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Saturday, January 24, 2009

Pete & The Pirates : Little Death

It's a snow-covered, bleak, cold Saturday here in Michigan. We haven't seen the sun in several days, maybe even weeks until just moments ago when the sun made an appearance through the clouds. We're not sure when the last appearance was. All we're sure of is that the warm days of spring seem to be so far off, we can barely comprehend that something so wonderful can exist here.

Sanity is one of those things that is sometimes difficult to capture and hold during the dead of winter in the north country. Some achieve this noble goal through heat lamps and tanning beds. Some shackle their sanity in winter hobbies and sports. Some just let it go; this is my explanation for all the horrible winter drivers. Some, like this humble writer, find the feeling of warm summer sand between their toes in certain records.

I've been a long time enthusiast of British neo-retro rock. The Brits are masters of taking something old, worn, mostly-cliched, but still loved and turning it into something wonderfully fresh and tasty. Pete and The Pirates are no exception to this statement.

This record pulls elements of almost every major genre of popular music from the past 40 years, blends it seamlessly with a heavy late 60's pop sensibility and masterful songwriting in a package that is not over-produced, well-arranged, and just fun to listen to.

Even the non-upbeat tracks on the album remind me of warmer days and sunshine. The lyrics portray their message very well without being obvious. Most of the tracks are songs of longing and perhaps that's what speaks to me about the days of green grass and warm southerly breezes.

The band is a group that is very good at making music together, but each is not particularly talented in their own right. Musically, the record is not challenging, but the emotion of music is compelling and drives one to continue listening. Throughout, the record is a collection of listenable pop tunes with very little if any filler.

British pop is always a good remedy for the dark days of winter. Pete and Pirates succeed magnificently at re-creating the warmth of summer for those of us trapped in the alpine north country.

A solid 4 out of 5 stars.

Saturday, January 3, 2009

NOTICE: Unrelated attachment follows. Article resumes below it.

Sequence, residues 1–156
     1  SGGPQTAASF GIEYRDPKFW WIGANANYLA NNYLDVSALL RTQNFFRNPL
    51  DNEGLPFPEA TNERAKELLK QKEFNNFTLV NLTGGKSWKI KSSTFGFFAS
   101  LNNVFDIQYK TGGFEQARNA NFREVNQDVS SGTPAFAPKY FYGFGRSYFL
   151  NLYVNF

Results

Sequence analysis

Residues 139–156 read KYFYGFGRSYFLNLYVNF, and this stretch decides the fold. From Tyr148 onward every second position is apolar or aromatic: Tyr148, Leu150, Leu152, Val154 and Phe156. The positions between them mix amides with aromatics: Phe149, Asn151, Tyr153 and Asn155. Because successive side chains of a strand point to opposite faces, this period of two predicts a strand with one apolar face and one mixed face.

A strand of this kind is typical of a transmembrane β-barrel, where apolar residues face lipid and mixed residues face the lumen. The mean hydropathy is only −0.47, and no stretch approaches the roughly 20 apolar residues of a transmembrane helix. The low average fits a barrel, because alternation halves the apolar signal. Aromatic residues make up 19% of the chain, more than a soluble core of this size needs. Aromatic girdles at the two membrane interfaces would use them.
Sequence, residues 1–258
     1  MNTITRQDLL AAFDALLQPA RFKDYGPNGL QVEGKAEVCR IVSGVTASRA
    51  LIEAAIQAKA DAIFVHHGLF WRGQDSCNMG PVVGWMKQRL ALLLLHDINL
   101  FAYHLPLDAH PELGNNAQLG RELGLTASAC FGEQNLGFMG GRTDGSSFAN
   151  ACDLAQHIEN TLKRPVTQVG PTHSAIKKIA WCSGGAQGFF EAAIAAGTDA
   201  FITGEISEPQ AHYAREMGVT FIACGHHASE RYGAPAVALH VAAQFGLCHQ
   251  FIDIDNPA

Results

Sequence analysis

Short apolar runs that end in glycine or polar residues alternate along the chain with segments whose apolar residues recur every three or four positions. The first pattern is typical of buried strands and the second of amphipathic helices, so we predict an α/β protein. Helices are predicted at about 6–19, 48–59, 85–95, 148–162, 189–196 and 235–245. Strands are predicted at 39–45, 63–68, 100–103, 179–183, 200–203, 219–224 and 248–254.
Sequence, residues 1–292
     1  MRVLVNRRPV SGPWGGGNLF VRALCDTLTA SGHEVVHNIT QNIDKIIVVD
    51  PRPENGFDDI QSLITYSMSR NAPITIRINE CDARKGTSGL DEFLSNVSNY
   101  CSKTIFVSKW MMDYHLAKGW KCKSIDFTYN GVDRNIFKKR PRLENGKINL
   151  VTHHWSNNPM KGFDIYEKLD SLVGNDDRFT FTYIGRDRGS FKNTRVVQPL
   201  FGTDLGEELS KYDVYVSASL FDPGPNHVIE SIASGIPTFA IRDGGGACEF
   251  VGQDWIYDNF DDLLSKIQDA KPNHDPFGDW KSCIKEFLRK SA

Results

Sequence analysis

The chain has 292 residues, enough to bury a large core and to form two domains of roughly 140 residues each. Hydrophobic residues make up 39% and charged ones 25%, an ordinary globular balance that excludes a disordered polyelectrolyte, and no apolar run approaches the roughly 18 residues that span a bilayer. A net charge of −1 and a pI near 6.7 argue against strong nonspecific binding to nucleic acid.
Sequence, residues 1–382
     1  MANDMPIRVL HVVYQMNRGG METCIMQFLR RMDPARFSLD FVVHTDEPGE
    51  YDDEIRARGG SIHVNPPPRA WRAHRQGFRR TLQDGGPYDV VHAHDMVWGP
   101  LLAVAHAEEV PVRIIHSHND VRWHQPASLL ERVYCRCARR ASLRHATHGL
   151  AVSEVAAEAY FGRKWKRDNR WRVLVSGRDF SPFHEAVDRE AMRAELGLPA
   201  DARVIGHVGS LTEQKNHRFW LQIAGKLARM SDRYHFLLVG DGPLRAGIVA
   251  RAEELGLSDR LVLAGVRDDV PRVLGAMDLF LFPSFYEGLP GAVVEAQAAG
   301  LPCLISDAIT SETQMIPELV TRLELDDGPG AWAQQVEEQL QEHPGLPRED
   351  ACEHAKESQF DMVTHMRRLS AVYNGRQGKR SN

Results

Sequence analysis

Carry The Weight - Denison Witmer

Official Website: http://www.denisonwitmer.com
Myspace: http://www.myspace.com/denisonwitmer

While killing time at Schuler's today I came across a "Paste Recommendations" shelf. On that shelf was Denison Witmer's, "Carry The Weight". The name seemed familiar, however I could not put my finger on the music of Denison. After scanning the label and briefly listening to a couple tracks I decided on this over Fionn Regan's, "The End of History", which I had been carrying around for the previous hour or so.

Across the street my wife was catching up with some girlfriends from highschool. She had our two children with her. I had all morning to read through the staff reviews and decide on something, after all I had a giftcard that had to go toward some sort of purchase.

It wasn't until I got home that I really truly listened to the album. The way I listen to albums for the first time probably isn't the way a proper album is to be listened to. Generally, I'll tear open the case and check out the artwork and booklet (if there should be one). During this process I have also started the music and typically I'll listen for 20 seconds or so before switching to the next song. I do this until I reach the end and then decide on the songs that I connected with. Then I go back through listening to my intial "favorites".

Every album has an evolution process with me. Some songs that initially garner my attention, often end up seeming trite in their repetition. Other songs that seem slow moving often show their beauty in their build... and then there is my mood to factor in too. Oh, it can be complex.

Anyway, back to Witmer's music.

1) Beautiful Boys and Girls
The album starts with Beautiful Boys and Girls. With full band instrumentation, and Witmer's soothing and simple vocals. Honestly, the song (as of now) seemed a bit like a boring start to me, and the chorus seemed to repeticious. Although, I did like the change in flow during the bridge and the harmony sung during the chorus. The electric guitar sparked a little more interest toward the end, but just as it seemed to be taking off the song ended (maybe a good thing).

2) Life Before Aesthetics
Life Before Aesthetics is an upbeat tune that proclaims that life is more than just material things. It's a bob-your-head song, a catchy tune with some great organs that kick in during the chorus. I love a good hammond (by the way Blake Wescott is credited for playing that, as well as acoustic and electric guitars, bass, wurlitzer, vocals and producing the album). The end is great with the layered vocals of verse and chorus filling the space simultaneously.

3) From Here On Out
This song starts with a fingerpicking reminescent of Ben Gibbard's playing on "Follow You Into the Dark". In fact, Witmer's voice (especially on this song) is also reminescent of Gibbard. The bass and wurlitzer kick in at the start of the second verse and from there the song just continues to grow. The song ends with, "from here on out it looks like you and me." After just today's listen - this is my favored track - I'm sure that will likely change (see above comment about 'evolution of an album').